What Is The Best Wood To Use For My Elevated Garden Bed?


If you are looking for an alternative to cheap raised garden beds, wood is a great option. This is a common question among the health-conscious people who want to take charge of their nutrition. How do you plant your food and eat healthy in cramped city spaces or where erosion and weeds make a traditional garden a nightmare? A raised garden bed is the short and simple answer. However, for many people who want to make their own raised garden beds, one common challenge is the choice of wood to use for the bed.

So what is the best wood to use for my raised garden bed? Naturally rot-resistant and dense wood such as cedar, juniper, redwood, and black locust are some of the best materials to use when constructing a raised garden bed. Before choosing a particular wood, it is important to know the distinctive features of the wood and its effect on the longevity of the garden bed and the productivity of your plants.

If your goal is to plant your fruits and vegetables so you can enjoy a natural and fully organic diet, a DIY raised garden bed is not only a great idea but a cost-effective way of feeding. Raised garden beds are not only for city dwellers. The beds are an effective strategy for weed, pest, and erosion control. The big problem is that many new gardeners are at a loss when it’s time to choose the wood to make a raised garden bed. Don’t worry. In this piece, you will learn all there is to know about the different wood species you can use to make a raised garden bed, the qualities to look out for, what to avoid, and more.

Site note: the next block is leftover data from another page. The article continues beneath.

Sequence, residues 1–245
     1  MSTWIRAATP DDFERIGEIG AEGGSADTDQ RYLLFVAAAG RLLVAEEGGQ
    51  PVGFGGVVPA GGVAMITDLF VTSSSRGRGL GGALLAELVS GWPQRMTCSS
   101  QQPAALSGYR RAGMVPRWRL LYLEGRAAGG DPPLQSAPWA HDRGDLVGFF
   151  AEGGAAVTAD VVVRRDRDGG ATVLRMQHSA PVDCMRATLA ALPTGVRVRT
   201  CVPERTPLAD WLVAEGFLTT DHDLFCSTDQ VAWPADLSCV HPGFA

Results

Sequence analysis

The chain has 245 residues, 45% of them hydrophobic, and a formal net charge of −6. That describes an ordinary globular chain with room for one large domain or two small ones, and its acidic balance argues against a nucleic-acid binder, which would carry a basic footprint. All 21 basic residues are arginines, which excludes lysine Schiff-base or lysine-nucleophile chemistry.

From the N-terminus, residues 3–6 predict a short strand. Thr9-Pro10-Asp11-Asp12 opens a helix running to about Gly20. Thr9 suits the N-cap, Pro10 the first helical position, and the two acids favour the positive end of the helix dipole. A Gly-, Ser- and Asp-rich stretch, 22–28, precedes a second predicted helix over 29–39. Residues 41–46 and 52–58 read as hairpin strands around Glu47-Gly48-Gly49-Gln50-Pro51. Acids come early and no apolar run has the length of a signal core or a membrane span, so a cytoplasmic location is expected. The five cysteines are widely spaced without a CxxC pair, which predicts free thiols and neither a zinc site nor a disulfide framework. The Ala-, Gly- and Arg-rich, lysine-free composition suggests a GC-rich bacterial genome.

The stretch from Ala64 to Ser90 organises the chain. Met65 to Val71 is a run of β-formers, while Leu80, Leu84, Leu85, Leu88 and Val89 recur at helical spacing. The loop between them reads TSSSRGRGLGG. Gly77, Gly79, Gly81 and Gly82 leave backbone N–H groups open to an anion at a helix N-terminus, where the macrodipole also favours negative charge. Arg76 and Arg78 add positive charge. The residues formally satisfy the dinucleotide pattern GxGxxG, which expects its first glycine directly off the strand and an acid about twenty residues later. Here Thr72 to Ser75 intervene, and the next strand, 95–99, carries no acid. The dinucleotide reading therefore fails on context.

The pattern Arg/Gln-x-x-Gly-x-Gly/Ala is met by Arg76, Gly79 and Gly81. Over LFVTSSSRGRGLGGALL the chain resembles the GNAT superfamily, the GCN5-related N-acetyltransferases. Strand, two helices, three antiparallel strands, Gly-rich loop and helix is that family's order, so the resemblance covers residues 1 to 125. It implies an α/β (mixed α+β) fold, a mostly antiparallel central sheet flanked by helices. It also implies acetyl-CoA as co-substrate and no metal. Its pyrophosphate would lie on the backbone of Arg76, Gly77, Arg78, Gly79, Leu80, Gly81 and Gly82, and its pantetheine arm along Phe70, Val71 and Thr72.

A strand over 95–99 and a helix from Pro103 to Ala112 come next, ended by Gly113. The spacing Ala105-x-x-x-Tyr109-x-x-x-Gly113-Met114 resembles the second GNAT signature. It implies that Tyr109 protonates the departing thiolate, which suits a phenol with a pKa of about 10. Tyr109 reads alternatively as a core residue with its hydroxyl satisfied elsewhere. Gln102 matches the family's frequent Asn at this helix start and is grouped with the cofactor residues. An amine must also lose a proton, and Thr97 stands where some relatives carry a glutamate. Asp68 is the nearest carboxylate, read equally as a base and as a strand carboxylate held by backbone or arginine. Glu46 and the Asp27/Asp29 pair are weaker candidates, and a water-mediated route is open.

The Best Woods to Use for a Raised Garden Bed

The best wood to use for a raised garden bed is a durable, locally sourced wood from responsibly managed sources. Wood is an excellent choice for raised garden beds because it’s affordable and readily available. Here are some wood species to choose from.

Cedar: This wood is naturally rot-resistant and the Western Red Cedar can last for over 20 years. Cedar has a beautiful appearance that will add flair to your garden. It is also easy to paint or stain and you can get the wood from sustainable tree farms although most of it is imported. The downside is that cedar is expensive than most other tree species.

Redwood and Black Locust: These dense woods have a natural defense against rot and will continue to serve you for over two decades. Both kinds of wood also make for a beautiful vegetable garden and stylish. Plus, they are chemical-free. However, these trees come at a premium. If you plan to buy redwood or black locust, prepare to spend upwards of 3-4 times the price of cheaper alternatives.

Juniper: if you love your wood long-lasting and rustic, juniper is an excellent choice. This wood can last for over 50 years and it’s affordable. The wood will make for a nice contrast in modern gardens. However, the species moves which makes it unsuitable if you plan to install a vertical garden bed.